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Google Admits Humans Listen to Our Conversations With Assistant, But Its Policies Never Clarified That

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Image for Representation

"We’ll share personal information outside of Google when we have your consent,” the company says in its privacy policy. But are Google contractors a part of the Google group of companies? Because if they are not, then did Google take anyone’s consent to share the audio clips with contractors?

Google is defending the policy that allows humans in the company to hear audio recordings of conversations between users and its Google Assistant software. These audio recordings are expected to hold personal information, sensitive information including locations and addresses, business conversations and even private chats in the comport of your home. Google has said that humans only review a fraction of all the conversations that millions of users have with Assistant globally. Google Assistant is the artificially intelligent voice assistant that is available on Android smartphones, Android TV based smart TVs and the Google Home line-up of smart speakers.

“Language experts only review around 0.2 percent of all audio snippets. Audio snippets are not associated with user accounts as part of the review process, and reviewers are directed not to transcribe background conversations or other noises, and only to transcribe snippets that are directed to Google,” says David Monsees, Product Manager, Search, in an official statement, before adding “We apply a wide range of safeguards to protect user privacy throughout the entire review process.” The tech giant has responded after Belgian public broadcaster VRT NWS detailed how contract workers have access to audio recordings and can listen in on user conversations with Google’s virtual assistant platform.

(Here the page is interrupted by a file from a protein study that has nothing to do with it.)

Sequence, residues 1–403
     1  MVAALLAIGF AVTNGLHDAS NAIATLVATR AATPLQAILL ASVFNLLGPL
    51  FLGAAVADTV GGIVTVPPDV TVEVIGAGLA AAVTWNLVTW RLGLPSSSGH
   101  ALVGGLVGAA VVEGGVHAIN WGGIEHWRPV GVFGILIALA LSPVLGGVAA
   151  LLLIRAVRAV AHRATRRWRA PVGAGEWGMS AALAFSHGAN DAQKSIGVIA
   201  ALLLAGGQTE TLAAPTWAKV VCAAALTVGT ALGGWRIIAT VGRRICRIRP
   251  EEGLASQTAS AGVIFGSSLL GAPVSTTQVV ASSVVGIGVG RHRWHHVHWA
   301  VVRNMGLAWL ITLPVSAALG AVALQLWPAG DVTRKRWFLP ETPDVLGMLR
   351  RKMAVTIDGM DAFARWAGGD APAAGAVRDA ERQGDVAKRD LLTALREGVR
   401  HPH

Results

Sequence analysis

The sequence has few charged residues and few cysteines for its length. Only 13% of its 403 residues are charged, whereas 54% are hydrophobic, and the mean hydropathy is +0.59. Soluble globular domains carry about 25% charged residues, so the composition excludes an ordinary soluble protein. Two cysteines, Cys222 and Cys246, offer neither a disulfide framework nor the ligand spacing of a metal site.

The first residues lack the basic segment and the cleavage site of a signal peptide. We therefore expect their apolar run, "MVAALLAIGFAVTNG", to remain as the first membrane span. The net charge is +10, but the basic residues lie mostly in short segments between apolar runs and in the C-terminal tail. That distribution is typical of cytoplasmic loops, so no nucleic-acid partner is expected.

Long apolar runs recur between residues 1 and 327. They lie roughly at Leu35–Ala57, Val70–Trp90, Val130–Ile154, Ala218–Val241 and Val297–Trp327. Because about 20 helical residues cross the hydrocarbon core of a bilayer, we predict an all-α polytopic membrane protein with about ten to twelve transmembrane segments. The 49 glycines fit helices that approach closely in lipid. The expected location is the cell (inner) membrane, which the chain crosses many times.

Google insists that the human workers listen to parts of the conversations to help Assistant improve its responses and be able to work well with multiple languages. “As part of our work to develop speech technology for more languages, we partner with language experts around the world who understand the nuances and accents of a specific language. These language experts review and transcribe a small set of queries to help us better understand those languages. This is a critical part of the process of building speech technology, and is necessary to creating products like the Google Assistant,” says Monsees. It surely must be for our own good then.

Then there is the good old excuse of “Google Assistant only sends audio to Google after your device detects that you’re interacting with the Assistant—for example, by saying “Hey Google” or by physically triggering the Google Assistant.” And we are also told that the indication on our smartphone screens and the flashing LEDs on the Google Home speakers are indicators that the smart speaker is now listening. “Rarely, devices that have the Google Assistant built in may experience what we call a “false accept.” This means that there was some noise or words in the background that our software interpreted to be the hotword (like “Ok Google”). We have a number of protections in place to prevent false accepts from occurring in your home,” is Google’s way of assuring us. If you buy it, that is.